Bowers is right that "figuring out a way to end the war, when you are still not even close to the votes for a timetable, is not the easiest thing to do." And I don't object to the "readiness strategy" as a tactical move to line up a majority of votes. Today's victory on the nonbinding resolution was great news-- it gets the ball rolling in the right direction. With luck, the "readiness strategy" might blunt or block Bush's troop escalation. (In fact, I was pushing the “readiness” argument to a Schumer staffer when lobbying Congress with 1,000 other people on Jan. 29. For what it’s worth, it was new to her and she liked it.)

But if our side focuses only on how to craft a proposal that might get a majority next week, we end up accommodating to the current shape of the Iraq debate inside the Beltway-- instead of changing it. The only way we'll win an end to this war is if we can reframe that debate. We’ve had some successes on that front in the last year or so (for instance, a turning point in public opinion came when a majority started to agree that the war in Iraq was increasing, not decreasing, the dangers of terrorism). But we need more.

The Republican charge that a funding cutoff means "not supporting the troops" is mind-bendingly absurd. Jim Webb has been very good on this-- it's kind of crazy to say that we have to keep fighting this bloody war to protect the troops that we sent to fight it. What we need is political leaders with the courage to say that the emperor has no clothes-- to say, isn't it obvious that the best way to protect our troops is to get them on a plane back to Buffalo, back to the Bronx, ASAP? And that this is the only thing Congress should provide money for?

Our side needs to walk on two legs. We've got to say bluntly that this war serves no good purpose, creates more misery the longer it goes on, and needs to end now. Any politician who votes to spend more money on this senseless slaughter-- Democrat or Republican-- should be made to feel the heat, and we need leaders who will urge voters in their district to do just that.

We also need smart efforts to pass resolutions of disapproval and practical restrictions on Bush's ability to wage war. The stronger the better, and I understand that we're some distance from having the votes for a funding cutoff.

But in the end, the only way to stop this war is for Congress to deny Bush the money to wage it. And we’re never going to get that result unless we argue for it.

Bowers makes some nods towards walking on both of these legs. But he calls for “backing the Murtha / Pelosi plan with everything we have got,” and says nothing about organizing grassroots pressure on members of Congress who so far won’t vote for a funding cutoff.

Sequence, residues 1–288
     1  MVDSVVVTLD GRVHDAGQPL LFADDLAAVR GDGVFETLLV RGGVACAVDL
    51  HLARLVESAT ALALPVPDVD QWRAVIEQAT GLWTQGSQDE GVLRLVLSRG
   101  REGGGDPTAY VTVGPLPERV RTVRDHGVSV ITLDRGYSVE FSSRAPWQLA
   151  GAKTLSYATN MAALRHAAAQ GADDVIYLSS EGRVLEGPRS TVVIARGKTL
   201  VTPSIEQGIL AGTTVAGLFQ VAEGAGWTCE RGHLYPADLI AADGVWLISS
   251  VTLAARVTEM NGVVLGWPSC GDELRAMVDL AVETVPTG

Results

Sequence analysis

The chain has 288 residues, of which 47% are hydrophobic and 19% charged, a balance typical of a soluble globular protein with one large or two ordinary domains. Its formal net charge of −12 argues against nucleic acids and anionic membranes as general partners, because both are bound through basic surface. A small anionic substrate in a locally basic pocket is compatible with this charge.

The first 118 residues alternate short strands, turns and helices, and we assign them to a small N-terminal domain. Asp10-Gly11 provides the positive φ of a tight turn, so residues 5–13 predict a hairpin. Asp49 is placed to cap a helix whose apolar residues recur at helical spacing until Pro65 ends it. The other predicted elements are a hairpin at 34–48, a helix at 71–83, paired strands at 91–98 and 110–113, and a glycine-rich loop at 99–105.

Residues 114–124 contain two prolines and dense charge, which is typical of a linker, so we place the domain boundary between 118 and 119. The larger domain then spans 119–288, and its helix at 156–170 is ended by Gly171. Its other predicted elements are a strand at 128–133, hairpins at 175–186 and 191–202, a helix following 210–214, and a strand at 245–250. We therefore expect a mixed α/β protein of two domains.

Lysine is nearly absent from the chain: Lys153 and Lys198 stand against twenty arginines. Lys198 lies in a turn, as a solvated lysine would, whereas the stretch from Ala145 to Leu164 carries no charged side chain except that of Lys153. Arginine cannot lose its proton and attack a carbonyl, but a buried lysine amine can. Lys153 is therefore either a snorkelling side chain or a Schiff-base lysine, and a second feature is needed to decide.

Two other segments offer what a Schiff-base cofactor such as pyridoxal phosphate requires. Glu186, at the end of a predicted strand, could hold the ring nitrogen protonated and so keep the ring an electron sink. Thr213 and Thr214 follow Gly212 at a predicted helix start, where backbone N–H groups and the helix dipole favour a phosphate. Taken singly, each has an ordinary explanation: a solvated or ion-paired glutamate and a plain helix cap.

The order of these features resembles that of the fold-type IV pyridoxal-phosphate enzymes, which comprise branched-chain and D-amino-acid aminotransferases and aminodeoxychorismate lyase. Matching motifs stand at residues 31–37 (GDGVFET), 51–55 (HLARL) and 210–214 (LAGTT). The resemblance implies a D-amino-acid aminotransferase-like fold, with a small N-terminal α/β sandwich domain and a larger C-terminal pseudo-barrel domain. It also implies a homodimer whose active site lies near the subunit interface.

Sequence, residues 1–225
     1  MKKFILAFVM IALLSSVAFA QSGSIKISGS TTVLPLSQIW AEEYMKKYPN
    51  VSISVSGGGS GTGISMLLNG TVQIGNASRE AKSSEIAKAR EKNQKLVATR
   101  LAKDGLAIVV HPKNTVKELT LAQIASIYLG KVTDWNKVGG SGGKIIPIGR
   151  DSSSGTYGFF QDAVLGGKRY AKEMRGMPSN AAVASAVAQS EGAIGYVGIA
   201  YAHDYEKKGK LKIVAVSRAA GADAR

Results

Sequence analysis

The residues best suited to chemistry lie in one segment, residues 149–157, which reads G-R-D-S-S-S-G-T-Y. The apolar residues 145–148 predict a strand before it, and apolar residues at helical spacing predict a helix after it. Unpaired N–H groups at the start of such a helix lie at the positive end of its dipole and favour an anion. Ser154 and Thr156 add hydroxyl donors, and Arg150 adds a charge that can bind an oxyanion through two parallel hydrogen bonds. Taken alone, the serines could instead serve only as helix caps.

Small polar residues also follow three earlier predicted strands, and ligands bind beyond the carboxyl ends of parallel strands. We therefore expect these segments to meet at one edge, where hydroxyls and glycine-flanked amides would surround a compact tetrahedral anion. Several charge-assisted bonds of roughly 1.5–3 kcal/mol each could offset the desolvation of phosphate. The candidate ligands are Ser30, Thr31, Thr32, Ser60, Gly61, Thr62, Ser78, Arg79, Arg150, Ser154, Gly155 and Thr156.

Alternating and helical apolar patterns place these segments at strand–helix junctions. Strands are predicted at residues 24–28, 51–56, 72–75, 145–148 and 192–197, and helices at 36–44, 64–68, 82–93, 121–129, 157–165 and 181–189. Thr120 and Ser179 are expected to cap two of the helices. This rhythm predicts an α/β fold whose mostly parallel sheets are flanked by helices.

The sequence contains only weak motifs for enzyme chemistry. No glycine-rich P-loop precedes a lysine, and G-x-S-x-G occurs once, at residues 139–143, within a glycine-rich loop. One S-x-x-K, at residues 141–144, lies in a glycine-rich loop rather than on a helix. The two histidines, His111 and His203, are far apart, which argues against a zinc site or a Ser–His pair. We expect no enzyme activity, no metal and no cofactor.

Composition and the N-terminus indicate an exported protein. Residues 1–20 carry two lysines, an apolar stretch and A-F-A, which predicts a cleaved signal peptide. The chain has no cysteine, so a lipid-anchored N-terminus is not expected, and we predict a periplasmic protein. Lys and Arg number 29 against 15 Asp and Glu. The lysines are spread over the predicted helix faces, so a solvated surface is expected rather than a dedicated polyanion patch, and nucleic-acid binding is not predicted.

This picks the wrong target. Why is support growing in Congress for compromise measures like the “readiness strategy”? Proposals like this one get their energy from the growth in public support for getting out of Iraq. A Congress that’s not ready to do that is trying to accommodate itself to an increasingly angry public. That’s where we need to focus our work outside of DC, and it’s actually the most effective way to help pass partial measures in the meantime.

This is particularly true in New York-- which brings us to the responsibilities of the WFP. In New York, I’d be surprised if there’s a single Democrat who won’t support a “readiness strategy.” A scared Republican or two might even join them. In New York, a vote for a “readiness strategy” is an easy vote.

We need to push NY Representatives to make a harder vote-- to cut off the money that sustains this war. And when I say “we,” I mean the WFP. The WFP should pick one or two Democrats who so far won’t support the McGovern bill, and put an army of door-knocking organizers in their district. Public opinion is heavily on our side-- I’d bet that such an effort would generate converts in DC at a pretty rapid rate. But only if we don’t soften our message. Waverers need to be confronted by constituents who tell them, “If you give Bush more money for this war, then it’s your war, too. Don’t do it-- vote to stop the war.”

Steve Perez said...

I think this is right. The readiness strategy and revisiting the war authorization are good in as much as they win votes to our side and stop the escalation, but our goal needs to be bringing the troops home.

How can we make sure these different strategies add together to bring us toward that goal?